6. Implications
      13. Q&A
      14. Exercises
      15. Creative Exercises
      16. 5.5 Intractability
        1. Overview
        2. Examples
        3. Satisfiability
        4. Search problems
        5. The main question
        6. Polynomial-time reductions
        7. NP-completeness
        8. Proving problems to be NP-complete
        9. Coping with NP-completeness
      17. Q&A
      18. Exercises
      19. Creative Exercises
    14. Chapter Six. A Computing Machine
      1. 6.1 Representing Information
        1. Binary and Hexadecimal
        2. Parsing and string representations
        3. Integer arithmetic
        4. Negative numbers
        5. Real numbers
        6. Java code for manipulating bits
        7. Characters
        8. Summary
      2. Q&A
      3. Exercises
      4. Creative Exercises
      5. 6.2 TOY Machine
        1. Brief historical note
        2. TOY components
        3. Fetch–increment–execute cycle
        4. Instructions
        5. Your first TOY program
        6. Operating the machine
        7. Conditionals and loops
        8. Stored-program computing
        9. Von Neumann machines
      6. Q&A
      7. Exercises
      8. 6.3 Machine-Language Programming
        1. Functions
        2. Standard output
        3. Standard input
        4. Arrays
        5. Linked structures
        6. Why learn machine-language programming?
      9. Q&A
      10. Exercises
      11. Creative Exercises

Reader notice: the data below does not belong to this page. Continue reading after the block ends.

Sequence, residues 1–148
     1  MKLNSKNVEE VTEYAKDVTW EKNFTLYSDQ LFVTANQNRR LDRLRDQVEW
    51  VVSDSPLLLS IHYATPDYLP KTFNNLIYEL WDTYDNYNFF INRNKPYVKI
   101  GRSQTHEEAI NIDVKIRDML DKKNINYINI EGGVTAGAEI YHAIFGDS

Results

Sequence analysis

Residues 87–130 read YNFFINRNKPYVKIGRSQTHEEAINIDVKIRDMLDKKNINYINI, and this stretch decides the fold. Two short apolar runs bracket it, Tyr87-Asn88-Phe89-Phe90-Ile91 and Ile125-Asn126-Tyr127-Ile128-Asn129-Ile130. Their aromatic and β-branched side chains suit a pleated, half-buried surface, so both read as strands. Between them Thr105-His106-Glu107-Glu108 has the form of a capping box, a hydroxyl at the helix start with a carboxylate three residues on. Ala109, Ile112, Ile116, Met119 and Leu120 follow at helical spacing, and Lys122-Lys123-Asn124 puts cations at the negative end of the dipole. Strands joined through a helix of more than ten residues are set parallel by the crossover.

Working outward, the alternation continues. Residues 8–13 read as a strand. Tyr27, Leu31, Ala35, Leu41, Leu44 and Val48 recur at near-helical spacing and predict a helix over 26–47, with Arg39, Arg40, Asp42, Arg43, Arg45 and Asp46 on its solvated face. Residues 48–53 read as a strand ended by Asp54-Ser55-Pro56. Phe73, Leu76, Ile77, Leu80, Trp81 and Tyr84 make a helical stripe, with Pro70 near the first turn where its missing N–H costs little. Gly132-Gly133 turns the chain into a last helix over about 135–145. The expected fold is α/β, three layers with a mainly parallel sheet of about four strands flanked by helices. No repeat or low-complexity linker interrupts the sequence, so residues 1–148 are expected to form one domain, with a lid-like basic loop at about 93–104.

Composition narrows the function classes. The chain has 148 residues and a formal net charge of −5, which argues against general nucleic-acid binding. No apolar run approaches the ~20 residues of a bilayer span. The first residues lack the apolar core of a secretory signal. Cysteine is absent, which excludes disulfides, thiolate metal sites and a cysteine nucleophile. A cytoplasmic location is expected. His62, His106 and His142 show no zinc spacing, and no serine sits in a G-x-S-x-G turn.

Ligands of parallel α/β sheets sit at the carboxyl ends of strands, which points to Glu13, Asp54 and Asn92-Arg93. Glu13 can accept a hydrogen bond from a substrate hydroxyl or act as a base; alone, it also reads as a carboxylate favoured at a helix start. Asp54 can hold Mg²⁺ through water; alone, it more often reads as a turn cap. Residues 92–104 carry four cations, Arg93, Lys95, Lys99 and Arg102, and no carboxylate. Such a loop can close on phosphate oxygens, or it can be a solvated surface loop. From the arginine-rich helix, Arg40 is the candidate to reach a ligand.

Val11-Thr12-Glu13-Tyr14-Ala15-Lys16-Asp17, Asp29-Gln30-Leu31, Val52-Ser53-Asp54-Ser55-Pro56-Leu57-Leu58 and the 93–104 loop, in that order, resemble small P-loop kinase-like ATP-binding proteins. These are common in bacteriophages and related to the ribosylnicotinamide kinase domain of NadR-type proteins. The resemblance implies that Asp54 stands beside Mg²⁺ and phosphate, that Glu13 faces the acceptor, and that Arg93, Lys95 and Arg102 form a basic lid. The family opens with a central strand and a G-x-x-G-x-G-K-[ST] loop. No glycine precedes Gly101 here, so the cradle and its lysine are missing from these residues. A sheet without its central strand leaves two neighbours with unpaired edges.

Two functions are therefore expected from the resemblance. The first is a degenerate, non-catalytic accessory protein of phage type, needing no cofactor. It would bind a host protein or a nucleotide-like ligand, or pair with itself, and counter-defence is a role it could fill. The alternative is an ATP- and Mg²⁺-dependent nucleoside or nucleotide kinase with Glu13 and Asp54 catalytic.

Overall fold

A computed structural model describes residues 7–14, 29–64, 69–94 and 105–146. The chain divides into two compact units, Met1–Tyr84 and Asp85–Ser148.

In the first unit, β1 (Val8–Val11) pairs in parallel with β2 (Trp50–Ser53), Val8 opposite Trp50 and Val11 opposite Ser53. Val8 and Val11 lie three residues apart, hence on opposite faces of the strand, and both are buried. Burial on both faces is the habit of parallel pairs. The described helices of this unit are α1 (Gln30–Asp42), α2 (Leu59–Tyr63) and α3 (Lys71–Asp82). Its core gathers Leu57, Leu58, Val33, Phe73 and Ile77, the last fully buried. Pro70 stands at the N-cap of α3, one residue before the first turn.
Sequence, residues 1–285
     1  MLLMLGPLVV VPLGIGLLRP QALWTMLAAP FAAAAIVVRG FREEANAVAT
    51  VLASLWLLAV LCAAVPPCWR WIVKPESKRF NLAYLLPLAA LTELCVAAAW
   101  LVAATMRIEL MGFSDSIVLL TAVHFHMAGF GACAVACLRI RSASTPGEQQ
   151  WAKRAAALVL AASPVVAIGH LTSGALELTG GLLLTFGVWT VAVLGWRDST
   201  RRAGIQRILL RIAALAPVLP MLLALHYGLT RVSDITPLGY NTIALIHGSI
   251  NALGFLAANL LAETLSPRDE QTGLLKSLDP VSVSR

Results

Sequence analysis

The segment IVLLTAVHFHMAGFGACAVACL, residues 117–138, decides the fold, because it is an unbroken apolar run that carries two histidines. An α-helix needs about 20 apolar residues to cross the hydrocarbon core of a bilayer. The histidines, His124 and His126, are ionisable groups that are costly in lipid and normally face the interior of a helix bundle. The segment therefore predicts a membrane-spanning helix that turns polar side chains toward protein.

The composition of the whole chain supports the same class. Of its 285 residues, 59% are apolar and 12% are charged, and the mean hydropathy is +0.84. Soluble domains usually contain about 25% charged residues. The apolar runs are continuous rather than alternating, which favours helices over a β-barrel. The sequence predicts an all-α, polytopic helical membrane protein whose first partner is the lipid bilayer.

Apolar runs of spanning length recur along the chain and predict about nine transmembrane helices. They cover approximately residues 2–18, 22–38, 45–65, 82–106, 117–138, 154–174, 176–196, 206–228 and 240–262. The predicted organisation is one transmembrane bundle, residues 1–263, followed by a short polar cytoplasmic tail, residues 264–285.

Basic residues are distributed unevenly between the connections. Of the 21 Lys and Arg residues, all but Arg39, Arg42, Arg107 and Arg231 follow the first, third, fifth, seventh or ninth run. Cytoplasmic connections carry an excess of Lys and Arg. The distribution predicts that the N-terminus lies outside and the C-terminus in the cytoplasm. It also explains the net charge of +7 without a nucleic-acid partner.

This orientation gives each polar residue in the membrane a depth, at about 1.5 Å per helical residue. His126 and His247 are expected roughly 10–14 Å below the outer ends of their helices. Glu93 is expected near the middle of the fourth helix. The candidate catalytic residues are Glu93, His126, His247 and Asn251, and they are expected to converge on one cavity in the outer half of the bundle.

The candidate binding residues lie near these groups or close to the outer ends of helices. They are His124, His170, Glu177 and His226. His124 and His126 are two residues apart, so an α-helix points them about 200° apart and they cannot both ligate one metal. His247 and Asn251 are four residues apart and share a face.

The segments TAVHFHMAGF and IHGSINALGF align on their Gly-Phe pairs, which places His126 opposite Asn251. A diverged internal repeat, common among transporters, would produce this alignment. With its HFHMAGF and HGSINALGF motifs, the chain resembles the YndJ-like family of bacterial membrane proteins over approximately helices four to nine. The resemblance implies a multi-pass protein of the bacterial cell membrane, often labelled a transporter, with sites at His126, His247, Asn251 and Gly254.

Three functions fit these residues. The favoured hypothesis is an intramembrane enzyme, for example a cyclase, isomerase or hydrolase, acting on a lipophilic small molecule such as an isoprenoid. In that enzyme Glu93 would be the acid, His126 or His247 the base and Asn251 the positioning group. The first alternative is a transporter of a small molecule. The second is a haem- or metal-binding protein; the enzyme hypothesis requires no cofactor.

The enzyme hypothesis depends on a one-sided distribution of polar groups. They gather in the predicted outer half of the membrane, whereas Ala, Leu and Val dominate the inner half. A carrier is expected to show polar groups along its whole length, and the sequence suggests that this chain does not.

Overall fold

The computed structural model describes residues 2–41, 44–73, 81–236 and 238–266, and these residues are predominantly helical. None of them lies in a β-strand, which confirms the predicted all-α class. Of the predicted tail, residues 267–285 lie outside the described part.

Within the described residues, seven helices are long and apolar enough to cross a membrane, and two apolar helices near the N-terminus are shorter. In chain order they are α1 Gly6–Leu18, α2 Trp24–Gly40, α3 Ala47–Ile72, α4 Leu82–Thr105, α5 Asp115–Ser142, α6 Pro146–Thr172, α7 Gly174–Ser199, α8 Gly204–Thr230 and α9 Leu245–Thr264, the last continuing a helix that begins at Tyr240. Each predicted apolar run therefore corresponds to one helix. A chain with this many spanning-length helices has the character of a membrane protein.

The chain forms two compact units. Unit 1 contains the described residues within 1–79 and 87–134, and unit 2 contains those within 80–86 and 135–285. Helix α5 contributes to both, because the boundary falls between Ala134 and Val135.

12. 6.4 TOY Virtual Machine
        1. Booting and dumping
        2. A note of caution
        3. Programs that process programs
        4. TOY in Java
        5. The TOY family of imaginary computers
      13. Q&A
      14. Exercises
      15. Creative Exercises
    15. Chapter Seven. Building a Computing Device
      1. 7.1 Boolean Logic
        1. Boolean functions
        2. An application
        3. Boolean functions of three or more variables
      2. Exercises
      3. Creative Exercises
      4. 7.2 Basic Circuit Model
        1. Wires
        2. Controlled switches
        3. Circuits
        4. Logical design and the real world
      5. Q&A
      6. Exercises
      7. 7.3 Combinational Circuits
        1. Gates
        2. Building a circuit from gates
        3. Decoders, demuxes, and muxes
        4. Sum-of-products circuits
        5. Adder
        6. Arithmetic logic unit (ALU)
        7. Modules and buses
        8. Layers of abstraction
      8. Q&A
      9. Exercises
      10. Creative Exercises
      11. 7.4 Sequential Circuits
        1. Elementary feedback circuits
        2. Flip-flops
        3. Registers
        4. Memory
        5. Clock
        6. Summary
      12. Q&A
      13. Exercises
      14. Creative Exercises
      15. 7.5 Digital Devices
        1. TOY-8
        2. Warmup
        3. TOY-8 CPU organization and connections
        4. Control
        5. Example: A TOY-8 program
        6. Perspective
      16. Q&A
      17. Exercises
      18. Creative Exercises
    16. Context
      1. Java libraries
      2. Programming environments
      3. Scientific computing
      4. Apps and cloud computing
      5. Computer systems
      6. Theory of computing
      7. Machine learning
    17. Glossary
    18. Index
    19. APIs
    20. Code Snippets